here let the author speak for himself; Essayist is disposed to found so much, might have been brought forward with ir. and first in respect to the evidence of resistible force. But if it be admitted, tbat such interpositions. a Power exists, who wrought the great miracle of creation with a gracious view Unfortunately, however, the successive to the happiness of man,—that there is no phenomena are not so clearly known to reason to believe this happiness to be less us, in all their circumstances, as to afford an object of Divine Benevolence than it a satisfactory decision of the question. In was originally, that a revelation, of which the mixed series of events in nature, every the manifest tendency was to increase this thing is so complicated with every thing, happiness, would not be inconsistent with and the analysis is often so much beyond such benevolence,--and that, if a revela our power, that in innumerable cases it is tion were deigned to man, a miracle, or impossible for us to predict the particular series of miracles, might be regarded as a effect that may be expected, and to detervery probable sanction of it,-ihen, since mine the particular moment, at which it a miracle would be only the natural result may be expected. We may know, for exof an existing physical power, in the pe- ample, when we look at some fottering caliar and very rare circumstances in wall, that the first great hurricane will which alone its mighty energy is revealed, throw it down ainong the ruins which the evidence of its operation is to be exam. have long been mouldering at its base; ined, precisely like the evidence of any but who is there that can venture to preother extraordinary event. There is no dict the very instant, at which it is to be violation of a law of nature, but there is a overthrown? And if it should fall, the new consequent of a new antecedent. very moment after some wanderer whom The extraordinary combination of circum. it had been sheltering had quitted it, who stances, of which a miracle is the physical is there that can venture to say with conf.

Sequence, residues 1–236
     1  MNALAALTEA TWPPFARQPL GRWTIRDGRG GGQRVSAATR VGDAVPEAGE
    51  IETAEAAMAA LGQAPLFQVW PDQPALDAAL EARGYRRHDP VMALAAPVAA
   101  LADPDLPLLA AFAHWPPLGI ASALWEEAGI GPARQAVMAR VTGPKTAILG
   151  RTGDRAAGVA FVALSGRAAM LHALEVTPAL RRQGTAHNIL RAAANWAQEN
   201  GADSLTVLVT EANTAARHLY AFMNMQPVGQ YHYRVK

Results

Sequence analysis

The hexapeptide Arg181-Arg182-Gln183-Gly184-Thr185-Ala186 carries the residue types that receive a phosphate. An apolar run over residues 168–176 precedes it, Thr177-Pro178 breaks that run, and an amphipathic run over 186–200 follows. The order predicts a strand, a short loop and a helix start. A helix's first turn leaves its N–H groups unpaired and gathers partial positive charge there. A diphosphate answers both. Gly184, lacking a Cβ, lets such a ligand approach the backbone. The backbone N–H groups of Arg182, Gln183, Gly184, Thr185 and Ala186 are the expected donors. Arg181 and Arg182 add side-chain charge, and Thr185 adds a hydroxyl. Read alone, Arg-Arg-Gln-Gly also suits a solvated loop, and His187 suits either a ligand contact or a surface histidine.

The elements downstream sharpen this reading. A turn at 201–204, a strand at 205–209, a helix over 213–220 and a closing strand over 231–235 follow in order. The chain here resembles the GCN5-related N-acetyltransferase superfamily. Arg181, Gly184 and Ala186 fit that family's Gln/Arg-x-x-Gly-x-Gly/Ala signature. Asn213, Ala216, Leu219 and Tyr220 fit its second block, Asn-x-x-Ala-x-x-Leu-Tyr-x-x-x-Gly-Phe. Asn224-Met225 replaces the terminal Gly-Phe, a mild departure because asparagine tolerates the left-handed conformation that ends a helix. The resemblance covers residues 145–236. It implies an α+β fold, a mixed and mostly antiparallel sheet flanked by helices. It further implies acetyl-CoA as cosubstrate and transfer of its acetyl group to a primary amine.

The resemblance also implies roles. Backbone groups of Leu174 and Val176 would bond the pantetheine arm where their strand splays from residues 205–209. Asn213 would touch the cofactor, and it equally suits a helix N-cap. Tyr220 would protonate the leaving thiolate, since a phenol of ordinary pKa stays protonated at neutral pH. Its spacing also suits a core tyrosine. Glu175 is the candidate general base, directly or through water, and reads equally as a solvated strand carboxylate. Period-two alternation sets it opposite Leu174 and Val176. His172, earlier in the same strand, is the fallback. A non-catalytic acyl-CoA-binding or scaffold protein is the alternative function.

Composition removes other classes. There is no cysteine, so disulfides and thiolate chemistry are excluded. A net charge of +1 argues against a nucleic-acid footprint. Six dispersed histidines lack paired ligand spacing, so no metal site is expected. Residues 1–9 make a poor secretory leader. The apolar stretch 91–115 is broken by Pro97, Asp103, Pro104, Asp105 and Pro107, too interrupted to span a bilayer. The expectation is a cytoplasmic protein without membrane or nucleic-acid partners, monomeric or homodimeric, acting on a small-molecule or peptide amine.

Vol. 3.- No. XI. 75

dence, from his knowledge of the laws of from a temporary change of the seeming gravitation and of the lateral force of cur. order of nature, ihan from a continuadce rents of air, that its (all was at the very of the same apparent order. moment which might have been predici lo this progressive reasoning, if the ques. ed, and, without any providential interfer. tion were to be considered wholly a priori ence, could not have taken place, while there does not seem to be any inconsisterthe wanderer was near enough to be a suf: cy. The only opposite argument, in such ferer? Our xperience of the order of a primary view of it, would be found in events may be sufficient, inderd, to render the good which must be allowed to low less probable the Divine interpositions from continued uniformity of order in the supposed; but it certainly is not sufficient phenomena of nature, as enabling us to to disprove what might or might not be, calculate on their future sequences, to be while all which we know of the order of the planners of our own condact, and in nature hud continued exactly the same. the lessons of experience to derive wisdom